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Summer Blog: Battle Lines and Bridges

Boris Johnson’s ‘do or die’ determination to leave the EU by 31st October is reminiscent of Churchill’s in the summer of 1940 when he became prime minister.  He aimed to prevent Britain’s domination by a foreign power, in his case by preventing a German invasion. But he also wanted to keep the job for which he had waited all his life with the chance it gave as he put it, to ‘walk with destiny’.

Today things are different. German armies do not gather on the channel ports, nor is the Luftwaffe poised to bomb the country’s defences. Britain is not at war nor locked into mortal combat for its own survival, or to liberate its ally France or ‘the millions of men and women in chains’ across Europe. Today France, the continent’s oldest unitary state, is free to pursue its historic national interest, security, the prerequisite for leading the continent. Having locked its mighty German neighbour into peaceful co-operation in the Franco-German led project of European integration since the 1950s, it is now poised to fulfil its destiny as Europe’s leader. No more will German armies invade the Hexagon’s borders at Sedan, bombard the Rheims Cathedral, where the French kings were crowned, rampage across the plains of Champagne and the desolate fields of Seine et Marne to conquer Paris.

For Britain, with which France shares a common history, the goal now as in 1940 concerns sovereignty: the power to pursue its own way of life, with the constitutional freedom its people have prized for more than a millennium. That brings with it the freedom for them to shape and fashion their future, economic and political. This is why they voted in 2016 to leave the EU.

The UK’s sovereignty, constitutional and economic, began then, as it begins now, with the the straits of Dover. The world’s busiest shipping channel today, it serves as a bridge to the land mass that stretches to the Pacific: Vladivostok in the north, Beijing further south, just as Southampton continues to open the sea route to the Mediterranean, the Indian Ocean and northwards to the Pacific via Singapore, Shanghai and to Hong Kong. Then the sea was used to attack as well and defend, to reinforce the armies abroad and feed the people on the home front, part of the winning hand that would bring victory.

Johnson understands that Britain’s destiny will be shaped as it has always been by its people, for whom geography, political freedom, and the constitutional and legal independence to exploit both, has formed their outlook, prosperity and way of life. They will play their part in protecting their, and their country’s freedom, constitutional, political and economic. That freedom, like the economic life and trade it has sustained over centuries, knows no borders: not the 19,000 miles of boundary that walls in the EU’s Eurozone, impoverishing many of its citizens, leaving high unemployment in Greece at 18 per cent, in Spain at 13 per cent and Italy at almost 10 per cent despite being a member of the G7 and one of the world’s richest economies; and not the Irish border of around 300 miles deployed by Irish and EU leaders, and many UK politicians (not least Mrs May) to prevent Brexit , and added to the long list of grievances for which the Irish have a long memory, summarised by one prime minister as stretching from Strongbow to the Black and Tans.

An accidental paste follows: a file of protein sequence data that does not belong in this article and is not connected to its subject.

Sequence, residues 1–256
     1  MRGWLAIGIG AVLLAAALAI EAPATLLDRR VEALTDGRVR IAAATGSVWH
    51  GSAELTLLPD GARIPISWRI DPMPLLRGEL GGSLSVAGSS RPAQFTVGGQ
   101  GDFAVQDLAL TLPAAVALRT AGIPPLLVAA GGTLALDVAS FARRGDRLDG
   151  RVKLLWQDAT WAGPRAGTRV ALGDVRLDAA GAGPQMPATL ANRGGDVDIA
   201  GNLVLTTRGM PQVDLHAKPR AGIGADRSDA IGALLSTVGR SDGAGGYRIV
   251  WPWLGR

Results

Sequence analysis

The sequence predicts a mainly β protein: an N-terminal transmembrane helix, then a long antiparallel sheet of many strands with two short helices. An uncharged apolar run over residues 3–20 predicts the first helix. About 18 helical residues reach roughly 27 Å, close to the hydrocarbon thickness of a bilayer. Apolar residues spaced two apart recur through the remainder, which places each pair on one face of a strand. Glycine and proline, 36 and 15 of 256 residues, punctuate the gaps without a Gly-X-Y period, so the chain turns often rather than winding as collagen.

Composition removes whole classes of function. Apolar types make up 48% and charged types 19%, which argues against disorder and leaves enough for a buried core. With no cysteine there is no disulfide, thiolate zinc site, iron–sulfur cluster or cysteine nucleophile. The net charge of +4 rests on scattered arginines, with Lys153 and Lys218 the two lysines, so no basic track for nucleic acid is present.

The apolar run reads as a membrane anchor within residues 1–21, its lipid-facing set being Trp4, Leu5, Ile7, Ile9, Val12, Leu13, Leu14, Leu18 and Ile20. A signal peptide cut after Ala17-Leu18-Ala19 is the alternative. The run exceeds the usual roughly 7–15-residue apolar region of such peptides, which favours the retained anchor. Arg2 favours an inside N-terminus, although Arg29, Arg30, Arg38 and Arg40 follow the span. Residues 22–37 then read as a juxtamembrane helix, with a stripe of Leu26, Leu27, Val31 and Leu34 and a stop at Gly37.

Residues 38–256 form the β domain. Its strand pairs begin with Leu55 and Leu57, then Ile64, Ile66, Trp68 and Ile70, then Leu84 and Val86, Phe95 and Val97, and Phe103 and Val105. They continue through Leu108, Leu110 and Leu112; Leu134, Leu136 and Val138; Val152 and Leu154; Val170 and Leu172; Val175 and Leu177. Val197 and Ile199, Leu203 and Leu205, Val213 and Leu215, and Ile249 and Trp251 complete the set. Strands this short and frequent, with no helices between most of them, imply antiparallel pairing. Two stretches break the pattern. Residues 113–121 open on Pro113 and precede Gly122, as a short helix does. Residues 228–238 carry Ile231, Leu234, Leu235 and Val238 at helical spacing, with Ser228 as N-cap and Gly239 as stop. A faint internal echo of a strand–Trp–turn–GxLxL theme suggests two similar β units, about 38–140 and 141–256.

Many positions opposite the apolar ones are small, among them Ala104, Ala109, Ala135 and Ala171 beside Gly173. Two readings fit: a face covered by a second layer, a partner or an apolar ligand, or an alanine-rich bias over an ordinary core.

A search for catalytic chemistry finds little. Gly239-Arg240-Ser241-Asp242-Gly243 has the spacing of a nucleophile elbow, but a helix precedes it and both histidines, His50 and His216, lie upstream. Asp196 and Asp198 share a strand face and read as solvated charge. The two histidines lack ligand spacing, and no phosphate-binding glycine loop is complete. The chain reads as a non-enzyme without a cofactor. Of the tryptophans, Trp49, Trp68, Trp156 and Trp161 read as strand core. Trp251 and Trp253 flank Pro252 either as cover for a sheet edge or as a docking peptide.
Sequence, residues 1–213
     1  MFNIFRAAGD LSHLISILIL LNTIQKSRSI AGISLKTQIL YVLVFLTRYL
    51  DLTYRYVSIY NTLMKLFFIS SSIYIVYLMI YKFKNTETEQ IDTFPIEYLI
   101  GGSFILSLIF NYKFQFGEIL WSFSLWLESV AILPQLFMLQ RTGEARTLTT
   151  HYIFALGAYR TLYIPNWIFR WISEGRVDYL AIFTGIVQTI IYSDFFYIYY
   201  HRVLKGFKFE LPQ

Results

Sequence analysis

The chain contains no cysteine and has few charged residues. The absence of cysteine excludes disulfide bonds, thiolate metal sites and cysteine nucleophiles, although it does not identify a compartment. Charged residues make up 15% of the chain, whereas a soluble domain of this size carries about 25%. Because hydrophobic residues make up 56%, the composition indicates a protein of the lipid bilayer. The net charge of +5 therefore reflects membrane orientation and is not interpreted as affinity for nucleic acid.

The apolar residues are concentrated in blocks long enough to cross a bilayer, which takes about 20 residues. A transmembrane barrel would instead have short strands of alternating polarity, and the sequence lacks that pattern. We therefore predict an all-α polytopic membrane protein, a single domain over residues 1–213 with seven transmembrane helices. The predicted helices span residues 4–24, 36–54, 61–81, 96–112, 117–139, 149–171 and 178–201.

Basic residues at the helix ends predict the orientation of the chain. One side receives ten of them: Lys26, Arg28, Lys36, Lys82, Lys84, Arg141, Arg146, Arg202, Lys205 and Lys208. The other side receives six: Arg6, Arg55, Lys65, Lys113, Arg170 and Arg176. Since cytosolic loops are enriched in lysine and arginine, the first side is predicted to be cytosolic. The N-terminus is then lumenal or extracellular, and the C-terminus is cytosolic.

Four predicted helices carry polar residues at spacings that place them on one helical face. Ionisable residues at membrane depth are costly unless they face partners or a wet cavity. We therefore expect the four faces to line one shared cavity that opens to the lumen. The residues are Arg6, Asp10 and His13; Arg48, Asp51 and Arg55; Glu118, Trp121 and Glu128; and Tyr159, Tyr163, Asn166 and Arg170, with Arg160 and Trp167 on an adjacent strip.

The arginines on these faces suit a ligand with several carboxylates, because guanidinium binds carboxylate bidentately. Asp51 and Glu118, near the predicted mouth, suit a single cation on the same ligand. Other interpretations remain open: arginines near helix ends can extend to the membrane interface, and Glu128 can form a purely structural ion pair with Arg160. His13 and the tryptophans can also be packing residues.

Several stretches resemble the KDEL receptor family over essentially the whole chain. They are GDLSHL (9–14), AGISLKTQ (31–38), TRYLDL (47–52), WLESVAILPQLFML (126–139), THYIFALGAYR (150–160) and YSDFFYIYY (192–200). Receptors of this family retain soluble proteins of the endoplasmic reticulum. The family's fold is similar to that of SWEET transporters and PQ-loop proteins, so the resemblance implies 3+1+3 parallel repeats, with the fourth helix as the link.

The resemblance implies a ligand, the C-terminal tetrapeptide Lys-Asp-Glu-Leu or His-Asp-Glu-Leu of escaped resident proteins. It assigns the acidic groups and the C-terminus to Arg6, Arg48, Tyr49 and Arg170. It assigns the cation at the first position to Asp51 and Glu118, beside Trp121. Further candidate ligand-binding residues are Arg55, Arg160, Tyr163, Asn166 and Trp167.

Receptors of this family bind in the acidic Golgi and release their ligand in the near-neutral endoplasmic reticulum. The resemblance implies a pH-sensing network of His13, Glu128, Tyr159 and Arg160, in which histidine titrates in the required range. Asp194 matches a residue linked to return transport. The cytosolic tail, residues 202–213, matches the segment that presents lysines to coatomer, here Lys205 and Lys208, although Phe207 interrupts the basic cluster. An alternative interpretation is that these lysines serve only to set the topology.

For that destiny they voted to leave the EU and, in more recent months, made clear that they rejected Mrs May’s Withdrawal Agreement because it would in effect stop them leaving. They understood, as she and her ministers seemed not to do, that her ‘deal’, reached behind their backs with the EU, would swop the country’s sovereign freedom, its legal and constitutional independence, for that of a colony, captive to EU law, ECJ jurisdiction and the EU’s customs union and do so via the extravagant farce of the backstop.

Mr Johnson has ruled out that farcical backstop customs union scheme, and the EU has ruled out any change to the deal. In this ‘take or leave’ scenario, there is every reason to leave it, for the new prime minister to seize the moment, bury the entire Withdrawal Agreement without an attempt to salvage any part of it. Even without the backstop, sovereignty would be compromised, EU law given ‘direct effect and supremacy’ under Article 4 and the UK would in practice be once again under ECJ jurisdiction, its future determined by that Withdrawal Agreement, on which the political declaration premises the UK’s future. Either way, with or without the backstop, this would be the EU’s Carthaginian peace, degrading terms imposed on the 5th richest world economy not because it was defeated in war, but because its people exercised a treaty right to leave a bloc which fettered their freedom.

Johnson appears to understand that it is the people of this country who will carry its destiny forward. He should also recognise that the UK’s borders are bridges as well as defences; that its boundaries are those set by the law, UK law made in Westminster, not Brussels and that on each depends sovereignty, freedom and prosperity – with the right to trade freely with the world and the EU. His job is to do what ‘has to be done’ so they can do theirs.


Dr Sheila Lawlor

Dr Sheila Lawlor is Politeia’s Founder and Director of Research. Her background is as an academic historian of 20th century British political history, having started her working life as research fellow at Sidney Sussex College, Cambridge and Churchill College, Cambridge. Her academic publications include Churchill and the Politics of War 1940-41 and for Politeia she has written on social, economic and constitutional policy.

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